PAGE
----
Thursday, May 12, 2016

Southern Kitties Are #PetPrepared For Disasters

Recently, we experienced a 1000-year flood in South Carolina.  Hundreds of residents near us were displaced from their homes along with their pets.  We never thought about a natural disaster occurring so close to us, but we had homes surrounded by water within 5 miles from our house.  We saw photos on the TV and Internet of animals who were trapped in their homes, found roaming around the streets, and ended up in shelters.   Some pets were already in shelters, but were displaced again because the floods destroyed the shelters. This is a scary thought to us because South Carolina has a history of natural disasters: tornadoes, hurricanes, severe thunderstorms, flooding, ice storms, and earthquakes (yes, we are on a fault line).

Hill’s Food, Shelter & Love® Disaster Relief Network is poised and ready to help at a moment’s notice during a disaster.  This network helps to ensure that all of the animals, though stressed and upset, have proper nutrition to keep them healthy until they can be reunited with their owners. From the stories we heard during the South Carolina floods, people barely  had time to evacuate their human families from their homes and unfortunately many were separated from their pets.  It is important to have a plan in place that ensures the health and safety of your pet in times of crisis.  Hill's® established the first-of-its-kind national network in 2013 as an extension of it's Food, Shelter & Love program to quickly respond with shipments of pet food to communities impacted by disaster.  Since 2013, the Hill's network has delivered free pet food to more than 60 different shelters and veterinary clinics across the United States in response to 25 major incidents.  

Emergency workers rescuing animals after a disaster
Photo courtesy of Hill’s® Pet Nutrition, Inc.


May 14 is FEMA National Pet Disaster Preparedness day.  We admit that we've been a little slack in being prepared, but realize this is the perfect time to make preparations for those unexpected emergencies.  The Hill's Disaster Relief Network recommends these Seven Tips to Ensure Your Pet's Safety in an Emergency.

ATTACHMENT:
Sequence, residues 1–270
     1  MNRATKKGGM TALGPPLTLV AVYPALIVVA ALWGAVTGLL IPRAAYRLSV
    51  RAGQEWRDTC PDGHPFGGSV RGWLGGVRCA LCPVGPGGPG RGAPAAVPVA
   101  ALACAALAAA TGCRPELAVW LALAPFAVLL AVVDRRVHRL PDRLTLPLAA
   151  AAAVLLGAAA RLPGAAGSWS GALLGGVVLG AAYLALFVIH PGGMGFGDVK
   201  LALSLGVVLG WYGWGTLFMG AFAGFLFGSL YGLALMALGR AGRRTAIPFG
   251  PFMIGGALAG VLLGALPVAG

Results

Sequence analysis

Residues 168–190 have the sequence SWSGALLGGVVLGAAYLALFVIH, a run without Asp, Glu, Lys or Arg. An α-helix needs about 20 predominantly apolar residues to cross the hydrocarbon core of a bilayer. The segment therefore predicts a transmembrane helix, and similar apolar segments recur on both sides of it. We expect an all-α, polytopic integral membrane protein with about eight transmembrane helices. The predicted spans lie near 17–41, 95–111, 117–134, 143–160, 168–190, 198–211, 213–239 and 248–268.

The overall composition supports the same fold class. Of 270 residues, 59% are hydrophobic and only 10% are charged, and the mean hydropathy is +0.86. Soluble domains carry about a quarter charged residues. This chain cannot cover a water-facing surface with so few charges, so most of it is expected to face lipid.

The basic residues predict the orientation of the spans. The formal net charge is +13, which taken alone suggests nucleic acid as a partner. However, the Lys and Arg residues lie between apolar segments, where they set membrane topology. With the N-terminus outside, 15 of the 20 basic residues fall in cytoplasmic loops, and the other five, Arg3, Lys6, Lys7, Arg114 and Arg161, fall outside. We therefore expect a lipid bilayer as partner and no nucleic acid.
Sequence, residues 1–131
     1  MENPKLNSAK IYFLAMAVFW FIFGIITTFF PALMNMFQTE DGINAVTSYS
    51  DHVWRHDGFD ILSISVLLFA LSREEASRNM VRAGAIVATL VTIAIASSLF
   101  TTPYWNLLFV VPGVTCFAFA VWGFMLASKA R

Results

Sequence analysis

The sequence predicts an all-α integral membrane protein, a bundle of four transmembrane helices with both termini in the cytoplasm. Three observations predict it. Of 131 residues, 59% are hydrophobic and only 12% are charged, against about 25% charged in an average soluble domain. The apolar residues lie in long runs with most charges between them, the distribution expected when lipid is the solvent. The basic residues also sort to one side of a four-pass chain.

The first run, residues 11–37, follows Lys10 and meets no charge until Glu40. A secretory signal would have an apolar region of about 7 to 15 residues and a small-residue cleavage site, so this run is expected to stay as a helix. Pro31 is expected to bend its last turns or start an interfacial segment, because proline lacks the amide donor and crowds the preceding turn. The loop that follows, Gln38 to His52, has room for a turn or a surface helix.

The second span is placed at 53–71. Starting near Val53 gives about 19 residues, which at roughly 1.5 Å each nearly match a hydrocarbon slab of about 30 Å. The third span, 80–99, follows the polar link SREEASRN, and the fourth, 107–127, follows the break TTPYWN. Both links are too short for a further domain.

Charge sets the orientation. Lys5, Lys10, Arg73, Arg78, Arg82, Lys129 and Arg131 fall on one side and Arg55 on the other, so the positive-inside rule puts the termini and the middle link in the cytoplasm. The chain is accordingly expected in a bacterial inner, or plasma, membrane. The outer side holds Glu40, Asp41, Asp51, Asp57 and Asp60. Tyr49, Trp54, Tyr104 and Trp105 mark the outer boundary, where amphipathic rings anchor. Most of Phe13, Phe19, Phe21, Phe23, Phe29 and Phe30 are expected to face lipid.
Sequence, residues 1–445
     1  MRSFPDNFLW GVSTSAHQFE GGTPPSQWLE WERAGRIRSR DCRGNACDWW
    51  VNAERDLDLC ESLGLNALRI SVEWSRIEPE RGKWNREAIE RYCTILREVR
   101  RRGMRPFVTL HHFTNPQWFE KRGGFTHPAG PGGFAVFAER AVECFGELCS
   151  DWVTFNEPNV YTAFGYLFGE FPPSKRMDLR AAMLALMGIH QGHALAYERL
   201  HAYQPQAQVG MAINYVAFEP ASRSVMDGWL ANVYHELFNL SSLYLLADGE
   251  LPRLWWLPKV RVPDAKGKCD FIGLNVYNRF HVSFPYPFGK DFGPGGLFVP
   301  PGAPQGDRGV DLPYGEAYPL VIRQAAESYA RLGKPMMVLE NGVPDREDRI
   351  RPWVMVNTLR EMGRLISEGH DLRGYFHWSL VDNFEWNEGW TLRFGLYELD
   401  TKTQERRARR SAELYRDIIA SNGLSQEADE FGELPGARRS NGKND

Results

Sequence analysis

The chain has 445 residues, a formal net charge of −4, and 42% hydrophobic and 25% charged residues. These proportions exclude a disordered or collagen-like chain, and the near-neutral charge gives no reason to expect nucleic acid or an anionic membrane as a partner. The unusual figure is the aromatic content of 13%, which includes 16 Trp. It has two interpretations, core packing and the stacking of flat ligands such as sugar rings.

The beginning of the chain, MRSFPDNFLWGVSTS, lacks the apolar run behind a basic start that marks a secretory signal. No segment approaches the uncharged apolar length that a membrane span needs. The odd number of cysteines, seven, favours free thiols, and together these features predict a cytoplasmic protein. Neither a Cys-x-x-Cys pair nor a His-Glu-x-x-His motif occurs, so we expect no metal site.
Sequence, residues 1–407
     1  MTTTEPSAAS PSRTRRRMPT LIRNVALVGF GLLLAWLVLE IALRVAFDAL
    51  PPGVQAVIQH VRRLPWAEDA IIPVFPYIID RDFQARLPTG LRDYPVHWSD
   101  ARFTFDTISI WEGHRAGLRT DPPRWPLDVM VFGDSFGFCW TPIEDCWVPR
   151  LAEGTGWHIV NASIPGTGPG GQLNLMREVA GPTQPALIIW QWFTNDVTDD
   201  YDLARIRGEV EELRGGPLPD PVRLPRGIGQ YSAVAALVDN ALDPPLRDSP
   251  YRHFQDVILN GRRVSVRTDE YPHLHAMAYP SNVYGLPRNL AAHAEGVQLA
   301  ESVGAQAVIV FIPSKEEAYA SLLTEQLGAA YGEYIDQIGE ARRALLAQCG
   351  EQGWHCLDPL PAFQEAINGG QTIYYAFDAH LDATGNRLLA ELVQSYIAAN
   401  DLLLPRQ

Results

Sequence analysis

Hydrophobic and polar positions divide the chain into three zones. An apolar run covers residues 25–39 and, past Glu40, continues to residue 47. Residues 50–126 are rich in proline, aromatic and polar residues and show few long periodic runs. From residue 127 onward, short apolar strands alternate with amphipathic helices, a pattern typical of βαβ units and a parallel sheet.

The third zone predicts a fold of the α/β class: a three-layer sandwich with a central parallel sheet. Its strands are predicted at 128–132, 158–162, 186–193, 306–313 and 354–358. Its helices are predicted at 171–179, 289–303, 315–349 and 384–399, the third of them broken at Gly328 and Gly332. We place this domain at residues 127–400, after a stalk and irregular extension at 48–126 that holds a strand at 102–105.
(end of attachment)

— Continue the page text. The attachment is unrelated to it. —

1. Ensure your pet can be identified by either a microchip or collar ID tag and that contact information is up-to-date. 
  2. Prepare a “Pet Emergency Go-Kit” of pet supplies that is readily accessible in an emergency. Your Pet Go-Kit should include the following: first aid supplies and guide book; a 3-day supply of pet food in a waterproof container and bottled water; a safety harness and leash; waste clean-up supplies; medications and medical records; a contact list of veterinarian and pet care organizations; information on your pet’s feeding routine and any behavioral issues; comfort toys; and a blanket.
  3. Display a pet rescue decal on your front door or window to let first responders know there is a pet in the house. Include your veterinarian’s contact information. 
  4. Learn where your pet likes to hide in your house when they are frightened. Finding them quickly will help you evacuate faster. 
  5. Identify a location to take your pet if you need to leave your immediate area. Keep in mind that disaster shelters for people may not be open to pets. Scout hotels and motels with pet - friendly policies and ask relatives or friends if they could house you and your pet.
  6. Carry a picture of your pet in the event of separation.
  7. If you need to evacuate, consider taking a pet carrier or crate if possible for transport and safe - keeping.
Are you prepared?

Hill's has designed an informative checklist to help each of you put together your own Pet Emergency Go-Kit.  We recommend that you assist your humans in organizing your Go-Kit and we hope you never need to use it. 
Graphic courtesy of Hill’s® Pet Nutrition, Inc.


The Hill’s Food, Shelter & Love® program is based on four pillars:  Volunteer, Donate, Choose and Adopt.  Hill’s Food, Shelter & Love program has already provided over $280 million worth of food to nearly 1,000 shelters, 365 days a year helping over 8 million pets find a new home.  If you'd like more information about the Hill’s Food, Shelter & Love program, visit their website.  You can also follow Hill’s on FacebookTwitter, and Instagram.


This is a sponsored conversation written by me on behalf of Hill’s® Pet Nutrition, Inc. The opinions and text are all mine.

28 comments:

  1. We've got a "hurricane box" that has everything we need to evacuate or to stay after a storm. This is all great info!!

    The Florida Furkids

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  2. Wow, I had no idea there were so many potential disasters in your area! We worry lots about fires and earthquakes - and my human is not prepared enough.

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  3. It is always good to have an emergency plan in place.
    Info like this is very helpful.
    Purrs Georgia and Julie,
    Treasure and JJ

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  4. Though we don't have a lot of natural disasters in our area, we are making sure we are prepared anyways. You never know what might happen and it's best to be safe...than sorry. :)

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  5. we are lucky we live on the 2nd floor and don't have too many natural disasters around here. mom worries cause she knows she might not be able to catch Junior or Spud in an emergency